When Europe began to reopen in May, a vacation to the continent became more promising than ever for vaccinated Americans. But as delta surged this summer, restrictions took hold again, and things became complicated. Mask mandates were reinstated, and vaccination proof became a must for many sights, restaurants and events.

Now, the EU has issued new guidance for its 27 member bloc regarding restrictions on unvaccinated American travelers.

Here’s what we can tell you about travel to Europe right now.

Q: Who can go to Europe?

A: Americans can currently go to some European countries (EU member states and otherwise) by providing an approved negative coronavirus test result, vaccination status and/or quarantining on arrival.

Under a plan announced in May to accept American travelers, anyone who has been fully vaccinated with a vaccine approved for use by the European Union – Pfizer-BioNTech, Moderna, AstraZeneca, Johnson & Johnson – for at least two weeks may travel to the bloc. Additionally, individual EU member states may accept other World Health Organization-approved options, such as China’s Sinopharm vaccine.

Q: Where in Europe can I go?

The list of European countries open to Americans is changing quickly. Many countries such as Spain, Italy, France, Spain, Greece and Croatia are welcoming vaccinated Americans.

Q: Do I need a vaccine passport?

A: Yes. The European Union has launched its digital certificate system (a.k.a. a vaccine passport system) for EU residents (as well as those of Switzerland, Iceland, Norway and Liechtenstein) to travel unrestricted within Europe. The goal will be for Americans and other visitors traveling to the EU bloc to eventually connect to the new system, in which they will have to provide proof of vaccination, evidence of a recent recovery from covid-19 or a negative test result to avoid quarantine requirements.

Additional vaccine passports are in the works beyond the EU’s system. Arie Litovsky, co-founder and chief technology officer of the travel app Airheart, says each airline has partnered with a different company to develop technology to verify your vaccination status.

Randle Roper, co-founder and CEO of the LGBTQ travel company Vacaya, doesn’t predict there will ever be one universally accepted vaccine passport, “so it’s important for all travelers to be aware of each country’s requirements and then simply follow those protocols,” he said in an email. “Flexibility and a kind spirit are compulsory.”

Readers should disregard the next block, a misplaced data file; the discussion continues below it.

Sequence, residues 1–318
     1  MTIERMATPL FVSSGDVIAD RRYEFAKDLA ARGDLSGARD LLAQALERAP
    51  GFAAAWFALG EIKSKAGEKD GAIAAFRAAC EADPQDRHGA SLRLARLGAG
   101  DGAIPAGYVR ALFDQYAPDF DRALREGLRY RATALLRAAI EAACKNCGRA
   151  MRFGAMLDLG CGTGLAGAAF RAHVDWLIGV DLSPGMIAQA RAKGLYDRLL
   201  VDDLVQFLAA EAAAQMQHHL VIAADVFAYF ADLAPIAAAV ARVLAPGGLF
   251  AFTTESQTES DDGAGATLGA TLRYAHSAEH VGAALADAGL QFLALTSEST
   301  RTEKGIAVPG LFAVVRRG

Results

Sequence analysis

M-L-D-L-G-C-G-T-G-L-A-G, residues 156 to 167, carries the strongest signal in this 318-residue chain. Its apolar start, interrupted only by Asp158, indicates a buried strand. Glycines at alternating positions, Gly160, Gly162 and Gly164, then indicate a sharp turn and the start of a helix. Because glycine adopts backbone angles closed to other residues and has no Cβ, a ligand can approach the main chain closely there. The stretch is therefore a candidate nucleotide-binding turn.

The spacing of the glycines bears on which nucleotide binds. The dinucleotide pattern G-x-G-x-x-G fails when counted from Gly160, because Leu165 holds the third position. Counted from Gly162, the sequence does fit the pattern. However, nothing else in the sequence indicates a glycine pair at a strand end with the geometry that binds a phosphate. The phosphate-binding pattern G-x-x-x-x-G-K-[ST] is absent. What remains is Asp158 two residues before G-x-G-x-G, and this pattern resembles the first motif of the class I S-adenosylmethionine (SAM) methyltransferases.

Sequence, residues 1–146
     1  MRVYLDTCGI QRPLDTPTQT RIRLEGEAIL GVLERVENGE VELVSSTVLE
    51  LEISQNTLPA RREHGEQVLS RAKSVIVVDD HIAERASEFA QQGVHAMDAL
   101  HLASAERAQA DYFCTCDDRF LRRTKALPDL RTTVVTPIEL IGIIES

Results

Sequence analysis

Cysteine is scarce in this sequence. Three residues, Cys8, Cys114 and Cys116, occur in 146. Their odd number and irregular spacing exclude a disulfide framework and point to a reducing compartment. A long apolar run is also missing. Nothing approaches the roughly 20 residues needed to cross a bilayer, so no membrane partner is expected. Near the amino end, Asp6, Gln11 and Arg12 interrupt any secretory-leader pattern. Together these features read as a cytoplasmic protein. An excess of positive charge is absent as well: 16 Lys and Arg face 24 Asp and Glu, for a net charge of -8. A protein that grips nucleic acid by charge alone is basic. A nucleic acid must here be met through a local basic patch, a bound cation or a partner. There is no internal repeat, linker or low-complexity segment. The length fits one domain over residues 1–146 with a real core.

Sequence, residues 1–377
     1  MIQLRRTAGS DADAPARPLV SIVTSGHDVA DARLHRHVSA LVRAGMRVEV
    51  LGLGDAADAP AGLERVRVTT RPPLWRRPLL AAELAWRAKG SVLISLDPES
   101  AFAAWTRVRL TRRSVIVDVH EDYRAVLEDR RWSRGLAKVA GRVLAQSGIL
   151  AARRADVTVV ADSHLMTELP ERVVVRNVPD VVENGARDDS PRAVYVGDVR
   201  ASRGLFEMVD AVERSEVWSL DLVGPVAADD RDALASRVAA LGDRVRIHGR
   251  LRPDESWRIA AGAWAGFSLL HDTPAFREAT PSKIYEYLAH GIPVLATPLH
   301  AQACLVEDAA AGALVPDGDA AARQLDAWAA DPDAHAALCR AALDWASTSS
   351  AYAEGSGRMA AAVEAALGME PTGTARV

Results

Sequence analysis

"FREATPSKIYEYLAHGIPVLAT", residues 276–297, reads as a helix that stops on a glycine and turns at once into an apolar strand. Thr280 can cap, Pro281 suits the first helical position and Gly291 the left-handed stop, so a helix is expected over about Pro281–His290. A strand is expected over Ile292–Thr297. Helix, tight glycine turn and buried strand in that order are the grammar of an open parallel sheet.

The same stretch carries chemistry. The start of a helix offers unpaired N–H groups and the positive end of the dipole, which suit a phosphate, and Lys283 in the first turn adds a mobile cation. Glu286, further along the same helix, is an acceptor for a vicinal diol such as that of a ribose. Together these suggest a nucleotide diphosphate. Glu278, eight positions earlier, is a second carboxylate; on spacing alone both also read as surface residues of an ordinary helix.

Even if you download all the vaccine passports you need, you will also want to have your original vaccination card on hand. Rani Cheema, chief executive and travel curator at Cheema’s Travel, urges travelers not to laminate their original vaccination cards. She recommends that travelers put it in a protective sleeve and tape it to the inner back of their passport. Don’t forget to have a photo on your phone, as well as a physical copy of it for additional safekeeping.

Q: What if I am unvaccinated?

A: EU officials have recommended that its 27-member bloc put restrictions on unvaccinated American travelers, but members are allowed to make the ultimate decision.

Some EU countries are allowing unvaccinated Americans if they can prove they have recovered from COVID-19 or present a negative coronavirus test upon arrival. But a trip could be difficult once you arrive since countries are putting limits on what you can do and where you can eat without proof of vaccination or constant testing.

Q: Will I have to take a test to get into Europe?

It depends on the country. Each EU member state is allowed to set individual requirements.

Many countries, including Italy and France, allow travelers to skip the test if they can prove they’re vaccinated, while others may require a test instead of or in addition to a vaccination proof.

To travel to the U.K., which is not part of the EU, travelers have to show more than their vaccination status. Within three days of their trip, travelers must take a test that meets the standards for pre-departure testing.

Additionally, vaccinated Americans must take a test on or before day two of arrival.

Q: Can unvaccinated kids travel to Europe?

A: Yes. According to the European Commission, unvaccinated children can travel to the continent but will need to have a negative PCR test taken no more than 72 hours before arrival. EU member states may require additional testing for kids on arrival. As with everything, check for updated specifics before you go, as not all countries will have the same policy. It’s unclear if this has changed in the new EU guidance.

Q: Will there be restrictions during my vacation?

A: Yes. Eduardo Santander, executive director of the European Travel Commission, says every country will have its own take on coronavirus mandates, so travelers should be prepared to encounter a range of requirements. Many countries, including Italy, France and Greece, require proof of vaccination or a negative coronavirus test at indoor restaurants, museums, concerts and other indoor events. Indoor mask mandates are back, too, in many places. You should plan to check the embassy site before visiting.

Q: Do I have to take a test to get back home?

A: Yes. Anyone traveling to the United States, regardless of vaccination status, must provide results of a negative coronavirus test taken within three days of departure or show proof that they have recovered from COVID-19 in the past 90 days.


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